Methods
Whole exome sequencing (WES) was used in 14 SJIA/MAS patients and their parents to identify protein altering SNPs/indels in the known HLH-associated genes. To discover new candidate genes, the entire WES data were filtered to identify protein altering, rare recessive homozygous, compound heterozygous, and de novo variants with the potential to affect the cytolytic pathway.
Results
Heterozygous protein-altering rare variants in the known genes (LYST, MUNC13-4, and STXBP2) were found in 5 of 14 SJIA/MAS patients (35.7%). This was in contrast to only 4 variants in 4 of 29 (13,7%) SJIA patients without MAS. Homozygosity and compound heterozygosity analysis applied to the entire WES data in SJIAMAS, revealed 3 recessive pairs in 3 genes, and 76 compound heterozygotes in 75 genes. We also identified 22 heterozygous rare protein altering variants that occurred in at least two patients. Many of the identified genes encode proteins with a role in actin and microtubule reorganization and vesicle-mediated transport. “Cellular assembly and organization” was the top cellular function category based on Ingenuity Pathways Analysis (p<3.10E-05).
Conclusion
WES performed in SJIA/MAS patients identified rare protein altering variants in the known HLH associated genes as well as new candidate genes.
doi:10.1002/art.38793
PMCID: PMC4321811  PMID: 25047945
5.  Age-at-Onset in Late Onset Alzheimer Disease is Modified by Multiple Genetic Loci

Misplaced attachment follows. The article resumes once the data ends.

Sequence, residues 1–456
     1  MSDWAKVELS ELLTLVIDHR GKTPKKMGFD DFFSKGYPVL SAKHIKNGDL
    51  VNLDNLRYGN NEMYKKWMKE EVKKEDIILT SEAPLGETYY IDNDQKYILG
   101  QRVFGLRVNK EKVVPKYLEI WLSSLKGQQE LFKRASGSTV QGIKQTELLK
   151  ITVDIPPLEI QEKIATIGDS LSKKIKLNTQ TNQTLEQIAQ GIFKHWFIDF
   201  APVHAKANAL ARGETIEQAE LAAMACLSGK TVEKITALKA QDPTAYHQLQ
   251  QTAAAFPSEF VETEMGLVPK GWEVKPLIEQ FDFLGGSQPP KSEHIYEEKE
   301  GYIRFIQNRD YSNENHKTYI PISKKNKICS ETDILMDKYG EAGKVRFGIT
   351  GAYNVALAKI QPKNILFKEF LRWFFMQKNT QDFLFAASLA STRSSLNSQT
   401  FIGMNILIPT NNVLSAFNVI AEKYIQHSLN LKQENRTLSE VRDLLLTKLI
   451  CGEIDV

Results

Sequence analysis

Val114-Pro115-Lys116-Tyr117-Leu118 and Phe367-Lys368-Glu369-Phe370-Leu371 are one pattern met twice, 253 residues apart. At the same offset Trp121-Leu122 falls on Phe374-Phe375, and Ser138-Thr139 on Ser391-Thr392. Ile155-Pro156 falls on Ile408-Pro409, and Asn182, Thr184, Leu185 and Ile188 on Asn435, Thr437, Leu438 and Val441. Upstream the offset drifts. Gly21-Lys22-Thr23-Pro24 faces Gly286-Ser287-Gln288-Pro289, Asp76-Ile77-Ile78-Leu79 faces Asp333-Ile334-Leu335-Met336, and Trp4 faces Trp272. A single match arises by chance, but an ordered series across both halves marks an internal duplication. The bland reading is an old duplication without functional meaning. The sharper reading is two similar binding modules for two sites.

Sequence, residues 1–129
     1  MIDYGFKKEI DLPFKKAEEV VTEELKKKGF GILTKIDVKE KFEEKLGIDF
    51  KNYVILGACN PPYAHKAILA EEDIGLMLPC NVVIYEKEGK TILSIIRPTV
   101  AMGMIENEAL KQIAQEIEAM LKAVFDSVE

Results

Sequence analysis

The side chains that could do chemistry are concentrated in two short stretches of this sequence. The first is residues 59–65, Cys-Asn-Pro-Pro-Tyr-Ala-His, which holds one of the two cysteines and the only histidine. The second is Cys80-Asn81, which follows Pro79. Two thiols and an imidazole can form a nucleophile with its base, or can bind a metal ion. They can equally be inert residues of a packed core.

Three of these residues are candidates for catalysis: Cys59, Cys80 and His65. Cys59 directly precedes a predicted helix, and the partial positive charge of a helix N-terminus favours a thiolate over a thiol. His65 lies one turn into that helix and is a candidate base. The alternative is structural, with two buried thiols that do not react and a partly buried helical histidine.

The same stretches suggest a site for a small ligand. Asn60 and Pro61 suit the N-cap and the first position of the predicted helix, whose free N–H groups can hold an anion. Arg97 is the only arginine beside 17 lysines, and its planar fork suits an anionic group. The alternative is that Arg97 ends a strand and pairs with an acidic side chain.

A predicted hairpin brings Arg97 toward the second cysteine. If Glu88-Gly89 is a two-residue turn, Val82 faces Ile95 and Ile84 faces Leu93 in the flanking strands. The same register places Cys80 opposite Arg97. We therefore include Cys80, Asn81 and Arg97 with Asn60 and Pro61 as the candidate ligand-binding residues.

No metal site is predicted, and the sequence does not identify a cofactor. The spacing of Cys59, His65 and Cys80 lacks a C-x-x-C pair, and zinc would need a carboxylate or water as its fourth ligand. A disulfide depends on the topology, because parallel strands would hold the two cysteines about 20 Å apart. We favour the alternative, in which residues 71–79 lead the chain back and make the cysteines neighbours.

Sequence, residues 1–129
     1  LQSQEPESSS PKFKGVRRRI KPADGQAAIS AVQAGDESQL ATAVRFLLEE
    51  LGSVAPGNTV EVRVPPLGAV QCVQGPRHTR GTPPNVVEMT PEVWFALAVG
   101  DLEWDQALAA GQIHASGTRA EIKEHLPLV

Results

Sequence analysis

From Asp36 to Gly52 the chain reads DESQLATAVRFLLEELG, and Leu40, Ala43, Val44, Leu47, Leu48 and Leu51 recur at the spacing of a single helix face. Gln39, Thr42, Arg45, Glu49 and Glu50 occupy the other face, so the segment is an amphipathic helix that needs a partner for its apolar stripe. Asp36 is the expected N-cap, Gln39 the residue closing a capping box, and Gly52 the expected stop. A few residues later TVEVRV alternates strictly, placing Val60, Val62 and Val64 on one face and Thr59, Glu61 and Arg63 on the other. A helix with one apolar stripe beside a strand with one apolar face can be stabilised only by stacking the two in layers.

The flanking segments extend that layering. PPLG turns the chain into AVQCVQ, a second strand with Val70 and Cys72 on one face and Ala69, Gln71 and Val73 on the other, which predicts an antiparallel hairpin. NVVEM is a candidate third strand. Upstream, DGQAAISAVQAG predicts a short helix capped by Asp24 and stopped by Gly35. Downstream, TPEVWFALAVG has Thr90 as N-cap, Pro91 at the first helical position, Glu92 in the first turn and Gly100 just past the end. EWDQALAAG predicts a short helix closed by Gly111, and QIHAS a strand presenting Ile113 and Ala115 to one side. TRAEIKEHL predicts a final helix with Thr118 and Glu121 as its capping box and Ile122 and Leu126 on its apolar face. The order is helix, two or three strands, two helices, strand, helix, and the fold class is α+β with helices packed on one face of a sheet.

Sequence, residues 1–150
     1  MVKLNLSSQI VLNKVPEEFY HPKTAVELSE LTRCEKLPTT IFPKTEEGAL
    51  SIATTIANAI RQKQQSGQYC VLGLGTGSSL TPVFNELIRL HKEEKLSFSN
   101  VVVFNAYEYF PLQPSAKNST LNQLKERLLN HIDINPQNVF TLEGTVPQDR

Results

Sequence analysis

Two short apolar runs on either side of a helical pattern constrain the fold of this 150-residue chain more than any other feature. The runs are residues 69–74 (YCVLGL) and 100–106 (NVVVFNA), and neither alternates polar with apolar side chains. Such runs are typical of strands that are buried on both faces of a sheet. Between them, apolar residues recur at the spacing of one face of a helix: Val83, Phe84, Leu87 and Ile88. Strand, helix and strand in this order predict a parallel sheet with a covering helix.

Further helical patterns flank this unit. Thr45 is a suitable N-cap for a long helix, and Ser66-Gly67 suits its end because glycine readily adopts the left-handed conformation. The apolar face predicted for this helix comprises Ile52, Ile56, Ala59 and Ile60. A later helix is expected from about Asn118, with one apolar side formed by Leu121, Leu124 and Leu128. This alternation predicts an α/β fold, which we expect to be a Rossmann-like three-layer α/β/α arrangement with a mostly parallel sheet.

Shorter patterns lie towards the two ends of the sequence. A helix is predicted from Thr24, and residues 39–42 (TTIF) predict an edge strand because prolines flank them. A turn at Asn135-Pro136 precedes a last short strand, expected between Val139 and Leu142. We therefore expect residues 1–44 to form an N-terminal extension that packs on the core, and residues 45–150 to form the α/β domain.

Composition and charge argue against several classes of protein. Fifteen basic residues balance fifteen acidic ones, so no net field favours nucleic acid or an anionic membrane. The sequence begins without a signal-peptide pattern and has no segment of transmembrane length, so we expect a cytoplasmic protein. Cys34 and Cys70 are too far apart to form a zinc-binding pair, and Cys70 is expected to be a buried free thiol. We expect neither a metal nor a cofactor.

JAMA neurology  2014;71(11):1394-1404.
Importance
As APOE locus variants contribute to both risk of late-onset Alzheimer disease and differences in age-at-onset, it is important to know if other established late-onset Alzheimer disease risk loci also affect age-at-onset in cases.
Objectives
To investigate the effects of known Alzheimer disease risk loci in modifying age-at-onset, and to estimate their cumulative effect on age-at-onset variation, using data from genome-wide association studies in the Alzheimer’s Disease Genetics Consortium (ADGC).
Design, Setting and Participants
The ADGC comprises 14 case-control, prospective, and family-based datasets with data on 9,162 Caucasian participants with Alzheimer’s occurring after age 60 who also had complete age-at-onset information, gathered between 1989 and 2011 at multiple sites by participating studies. Data on genotyped or imputed single nucleotide polymorphisms (SNPs) most significantly associated with risk at ten confirmed LOAD loci were examined in linear modeling of AAO, and individual dataset results were combined using a random effects, inverse variance-weighted meta-analysis approach to determine if they contribute to variation in age-at-onset. Aggregate effects of all risk loci on AAO were examined in a burden analysis using genotype scores weighted by risk effect sizes.